Did you know that taste can influence our digestion? We have five tastes: sweet, salty, bitter, sour, and savory (umami). These taste receptors are located not only on the tongue but also throughout the entire body including (but not limited to) the entire GI tract, as well as the immune system, heart and even the brain.
Bitter plant compounds, are most often used to support digestion. In fact, they have been used for centuries to relieve common gut symptoms such as indigestion, bloating, and feeling full fast. Interestingly, research has found that we have 25 different bitter receptors each stimulated by different bitter compounds. These receptors are also found in the stomach, and once stimulated, support stomach acid production. Therefore, bitter greens (such as radicchio, chicory, endive, kale, arugula), citrus (especially citrus peels), rhubarb, and caffeinated beverages like coffee, green and black tea, can all support healthy stomach acid production. Beer and wine can also stimulate stomach acid production due to their alcohol content and as well as their bitter compounds. However, keep in mind that alcohol itself can contribute to irritating GI symptoms.
Why is this important? For good gut health, we need proper stomach acid secretion. Stomach acid is essential to help us break down and digest our food (especially protein) and acts as a barrier for incoming bacteria either via our food or oral cavity. Stomach acid also triggers the release of bile from the gallbladder and triggers the release of digestive enzymes from the pancreas. Therefore, stomach acid is essential for optimal digestion.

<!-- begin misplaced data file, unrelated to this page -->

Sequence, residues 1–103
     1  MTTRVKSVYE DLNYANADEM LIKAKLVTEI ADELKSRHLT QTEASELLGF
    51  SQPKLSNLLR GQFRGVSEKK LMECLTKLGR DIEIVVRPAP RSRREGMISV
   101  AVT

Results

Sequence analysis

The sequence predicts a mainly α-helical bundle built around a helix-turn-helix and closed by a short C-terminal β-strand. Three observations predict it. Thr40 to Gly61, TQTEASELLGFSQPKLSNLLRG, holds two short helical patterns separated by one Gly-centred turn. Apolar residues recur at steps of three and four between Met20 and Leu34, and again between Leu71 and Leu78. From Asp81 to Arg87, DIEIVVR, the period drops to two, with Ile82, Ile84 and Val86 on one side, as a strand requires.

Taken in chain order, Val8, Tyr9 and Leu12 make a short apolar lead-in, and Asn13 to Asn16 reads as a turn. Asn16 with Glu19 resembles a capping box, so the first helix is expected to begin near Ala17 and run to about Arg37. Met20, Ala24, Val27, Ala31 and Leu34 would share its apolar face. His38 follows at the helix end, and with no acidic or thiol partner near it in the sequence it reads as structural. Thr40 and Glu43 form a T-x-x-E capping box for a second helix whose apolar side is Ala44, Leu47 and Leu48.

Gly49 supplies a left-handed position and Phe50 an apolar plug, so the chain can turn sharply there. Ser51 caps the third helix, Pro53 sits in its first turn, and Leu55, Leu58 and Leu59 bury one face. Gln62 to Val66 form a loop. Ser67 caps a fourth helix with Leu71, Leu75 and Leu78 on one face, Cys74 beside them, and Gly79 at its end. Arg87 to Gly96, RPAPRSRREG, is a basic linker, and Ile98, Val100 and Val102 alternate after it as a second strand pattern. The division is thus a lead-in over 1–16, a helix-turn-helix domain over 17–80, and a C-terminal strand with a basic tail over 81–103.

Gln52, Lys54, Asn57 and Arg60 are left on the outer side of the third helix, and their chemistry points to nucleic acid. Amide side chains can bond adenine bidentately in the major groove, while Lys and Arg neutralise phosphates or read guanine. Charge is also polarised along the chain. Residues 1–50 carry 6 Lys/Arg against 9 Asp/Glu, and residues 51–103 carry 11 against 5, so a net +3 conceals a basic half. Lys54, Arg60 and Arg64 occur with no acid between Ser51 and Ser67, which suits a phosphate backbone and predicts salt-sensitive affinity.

Furthermore, bitter compounds are also found in the duodenum (first part of the small intestine), and directly stimulate the release of cholecystokinin (CCK). CCK is a hormone which stimulates the release of bile from the gallbladder and the release of digestive enzymes from the pancreas. Bile is essential for the absorption of fats and fat soluble vitamins A, E, D, K and digestive enzymes are essential to break down all of our food into small enough particles for easy absorption.
If you are motivated to increase your bitter foods for enhanced digestion check out the ideas below. There are many options besides eating an arugula salad that can help boost your daily bitter intake.
Clinically, besides bitter foods, bitter herbs found in tinctures can be helpful for more immediate relief. I suggest taking the bitters directly into the mouth and then swishing the bitters around for a few seconds before swallowing. I often recommend the following:
Iberogast: 20 drops with meals or 60 drops before bed
Urban Moonshine Original Bitters: 1 dropperful before meals
Urban Moonshine Calm Tummy Bitters (safe for pregnant mamas)
Herb Pharm Better Bitters: 1 dropperful before meals
Swedish Bitters: 1 tsp before meals
Gut chemosensing; implications for disease pathogenesis.https://www.ncbi.nlm.nih.gov/pmc/articles/PMC5054811/
Characterization of Bitter Compounds via Modulation of Proton Secretion in Human Gastric Parietal Cells in Culture .https://pubmed.ncbi.nlm.nih.gov/28525714/
Caffeine induces gastric acid secretion via bitter taste signaling in gastric parietal cells. https://www.ncbi.nlm.nih.gov/pmc/articles/PMC5544304/
Alcohol and gastric acid secretion in humans. https://www.ncbi.nlm.nih.gov/pmc/articles/PMC1374273/pdf/gut00557-0145.pdf
Taste receptors in the gastrointestinal system. https://flavourjournal.biomedcentral.com/articles/10.1186/2044-7248-4-14
Like to read? Then get your evidence based nutrition information here! All posts written by Selva Wohlgemuth, MS, RDN Functional Nutritionist & Clinical Dietitian